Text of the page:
Wednesday, February 8, 2012

Imagining Heaven

“Heaven goes by favor; if it went by merit, you would stay out and your dog would get
in.” Mark Twain

Does heaven exist; if it does, what’s it like, how do you get there? What is more thought  provoking, curious and confusing than the subject of heaven? Many faith communities have a teaching on this subject. It is known variously by names such as: paradise, enlightenment, majesty, nirvana. With names such as these no wonder it inspires.

“Americans have described heaven’s wonders as luscious, stunning, spellbinding, exhilarating, captivating,” writes author Gary Scott Smith in his new book, Heaven in the American Imagination. While most often depicted as a wonderful and desirable place, most Americans find the notion attractive but at the same time are in no hurry to visit the place. And while due to the limits on size of his book, Smith gives little attention to eastern spirituality, he does acknowledge that there seems to be an almost universal affinity to the idea of this kind of place.

Many, if not most, of us have at least a passing interest in what happens after death. We are curious about a life after death. In the everyday, temporal place it is a sad testament that the world is littered with graveyards of one type or another. This life as we know it is not survivable beyond a given time span. For most Americans that time inches to upwards of 78 years or so about now. So regardless of how well we live our lives, what food we eat or what illnesses do or do not befall us, life is limited. From the First Great Awakening of the 1730s, to the Civil War era to present day, especially during turbulent times Americans speculate upon the life in heaven. From pop music to popular literature, to religious sermonizing, and “end-times” prophesy, as many as 90 per cent of modern Americans believe in the place.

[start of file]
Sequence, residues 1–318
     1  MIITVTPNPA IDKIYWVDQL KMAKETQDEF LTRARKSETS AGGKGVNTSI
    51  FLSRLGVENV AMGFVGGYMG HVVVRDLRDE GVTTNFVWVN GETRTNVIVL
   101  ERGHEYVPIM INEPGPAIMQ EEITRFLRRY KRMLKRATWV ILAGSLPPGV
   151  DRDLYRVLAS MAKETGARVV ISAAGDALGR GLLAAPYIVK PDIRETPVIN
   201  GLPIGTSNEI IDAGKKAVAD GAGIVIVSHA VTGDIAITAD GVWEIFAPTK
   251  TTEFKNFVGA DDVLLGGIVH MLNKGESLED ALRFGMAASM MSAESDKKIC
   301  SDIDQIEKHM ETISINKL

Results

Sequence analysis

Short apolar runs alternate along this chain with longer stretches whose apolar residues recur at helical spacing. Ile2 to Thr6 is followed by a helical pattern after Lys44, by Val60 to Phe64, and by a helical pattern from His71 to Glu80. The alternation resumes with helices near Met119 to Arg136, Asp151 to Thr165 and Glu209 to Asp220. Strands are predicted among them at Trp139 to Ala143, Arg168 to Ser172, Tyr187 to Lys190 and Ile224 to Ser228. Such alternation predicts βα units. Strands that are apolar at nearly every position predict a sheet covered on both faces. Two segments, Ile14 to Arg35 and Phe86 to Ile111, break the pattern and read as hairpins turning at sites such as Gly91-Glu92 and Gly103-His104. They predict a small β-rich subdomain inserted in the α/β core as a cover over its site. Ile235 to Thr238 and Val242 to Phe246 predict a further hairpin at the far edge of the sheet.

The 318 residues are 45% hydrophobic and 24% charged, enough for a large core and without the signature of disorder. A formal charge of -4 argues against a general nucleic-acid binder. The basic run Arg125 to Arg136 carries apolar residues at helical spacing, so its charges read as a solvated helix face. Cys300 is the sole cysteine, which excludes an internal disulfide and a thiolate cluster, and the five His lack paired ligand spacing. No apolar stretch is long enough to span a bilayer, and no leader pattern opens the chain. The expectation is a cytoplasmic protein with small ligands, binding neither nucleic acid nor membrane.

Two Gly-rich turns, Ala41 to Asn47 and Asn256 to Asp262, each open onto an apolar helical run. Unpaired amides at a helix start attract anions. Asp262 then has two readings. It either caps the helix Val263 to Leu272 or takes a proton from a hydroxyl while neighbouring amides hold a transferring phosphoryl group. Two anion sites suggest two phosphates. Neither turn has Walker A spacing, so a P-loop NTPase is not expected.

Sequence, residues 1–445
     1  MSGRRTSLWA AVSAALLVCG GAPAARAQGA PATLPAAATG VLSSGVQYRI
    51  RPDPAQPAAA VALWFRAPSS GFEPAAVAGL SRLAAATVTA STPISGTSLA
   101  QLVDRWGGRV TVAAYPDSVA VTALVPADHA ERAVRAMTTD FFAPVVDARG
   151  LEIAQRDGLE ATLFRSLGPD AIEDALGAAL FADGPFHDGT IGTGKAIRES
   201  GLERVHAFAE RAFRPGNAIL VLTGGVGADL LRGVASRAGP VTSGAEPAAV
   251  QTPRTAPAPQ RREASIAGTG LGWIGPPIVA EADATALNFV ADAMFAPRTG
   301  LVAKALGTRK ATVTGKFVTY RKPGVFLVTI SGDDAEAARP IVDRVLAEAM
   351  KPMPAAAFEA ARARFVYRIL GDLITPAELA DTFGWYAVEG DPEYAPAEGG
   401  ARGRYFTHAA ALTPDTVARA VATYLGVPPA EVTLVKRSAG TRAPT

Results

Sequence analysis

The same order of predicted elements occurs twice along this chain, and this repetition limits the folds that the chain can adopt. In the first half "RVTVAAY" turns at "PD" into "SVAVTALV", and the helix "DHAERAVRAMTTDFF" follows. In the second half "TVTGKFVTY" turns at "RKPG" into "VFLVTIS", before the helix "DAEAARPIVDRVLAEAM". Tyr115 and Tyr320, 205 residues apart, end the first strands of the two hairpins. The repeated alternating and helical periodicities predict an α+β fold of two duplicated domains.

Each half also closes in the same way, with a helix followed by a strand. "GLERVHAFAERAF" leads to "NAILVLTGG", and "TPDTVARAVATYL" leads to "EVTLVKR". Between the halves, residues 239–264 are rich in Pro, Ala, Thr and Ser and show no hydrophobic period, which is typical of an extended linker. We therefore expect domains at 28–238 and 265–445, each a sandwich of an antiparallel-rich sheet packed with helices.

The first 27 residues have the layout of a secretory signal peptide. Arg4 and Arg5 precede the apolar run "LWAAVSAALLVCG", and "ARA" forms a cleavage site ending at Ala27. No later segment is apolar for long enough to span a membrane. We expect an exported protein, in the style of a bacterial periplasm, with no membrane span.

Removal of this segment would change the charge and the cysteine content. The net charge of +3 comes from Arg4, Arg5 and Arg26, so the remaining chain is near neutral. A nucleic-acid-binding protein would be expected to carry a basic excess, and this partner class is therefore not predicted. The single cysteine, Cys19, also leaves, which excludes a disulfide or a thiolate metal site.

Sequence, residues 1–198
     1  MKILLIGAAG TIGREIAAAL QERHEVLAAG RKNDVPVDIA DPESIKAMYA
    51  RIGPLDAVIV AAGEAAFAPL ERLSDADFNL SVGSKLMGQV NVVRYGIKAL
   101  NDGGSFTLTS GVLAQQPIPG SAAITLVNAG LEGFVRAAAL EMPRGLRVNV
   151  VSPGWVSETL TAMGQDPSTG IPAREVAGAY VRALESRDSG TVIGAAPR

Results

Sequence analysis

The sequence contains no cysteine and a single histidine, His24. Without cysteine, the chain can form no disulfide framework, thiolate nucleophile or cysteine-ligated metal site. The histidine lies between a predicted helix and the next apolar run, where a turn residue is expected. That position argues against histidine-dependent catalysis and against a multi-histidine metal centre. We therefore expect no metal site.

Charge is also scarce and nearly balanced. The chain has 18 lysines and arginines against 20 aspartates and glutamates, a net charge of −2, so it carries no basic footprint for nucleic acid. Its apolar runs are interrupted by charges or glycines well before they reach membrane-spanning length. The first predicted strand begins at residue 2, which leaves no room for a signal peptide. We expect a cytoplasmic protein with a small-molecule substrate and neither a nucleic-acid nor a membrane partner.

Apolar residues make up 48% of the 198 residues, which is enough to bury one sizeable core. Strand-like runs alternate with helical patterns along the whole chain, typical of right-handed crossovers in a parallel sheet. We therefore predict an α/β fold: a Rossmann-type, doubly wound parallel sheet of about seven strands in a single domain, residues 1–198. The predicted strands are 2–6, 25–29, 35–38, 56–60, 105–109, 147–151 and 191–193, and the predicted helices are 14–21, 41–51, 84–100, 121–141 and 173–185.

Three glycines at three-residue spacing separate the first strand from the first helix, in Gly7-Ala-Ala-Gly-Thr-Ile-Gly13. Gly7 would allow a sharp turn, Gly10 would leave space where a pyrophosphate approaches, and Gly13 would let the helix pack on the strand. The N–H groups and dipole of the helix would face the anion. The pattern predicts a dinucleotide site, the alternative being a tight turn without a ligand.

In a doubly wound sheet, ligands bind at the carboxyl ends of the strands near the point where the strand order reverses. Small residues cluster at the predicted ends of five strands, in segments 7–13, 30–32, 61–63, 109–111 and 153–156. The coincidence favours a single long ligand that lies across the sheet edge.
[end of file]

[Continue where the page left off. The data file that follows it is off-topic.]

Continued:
While Karl Marx may have derided heaven as some place for those poor souls longing for comfort in an imaginary place, which in his view, gives the oppressed false hope that their travails will be rewarded and justice finally meted out; heaven, he thought, only prevents them from working for remedies and justice here on earth. Others disagree, remarking that the imagination of heaven gives rise to a view of hope for a better place, a better world and the courage to move forth to that world. They may better cope with sorrow,
disappointment and loss of loved ones. And while some argue that heaven is here on earth, others advocate for access by faith and deed; still others by faith and good works alone. The debate rages on.

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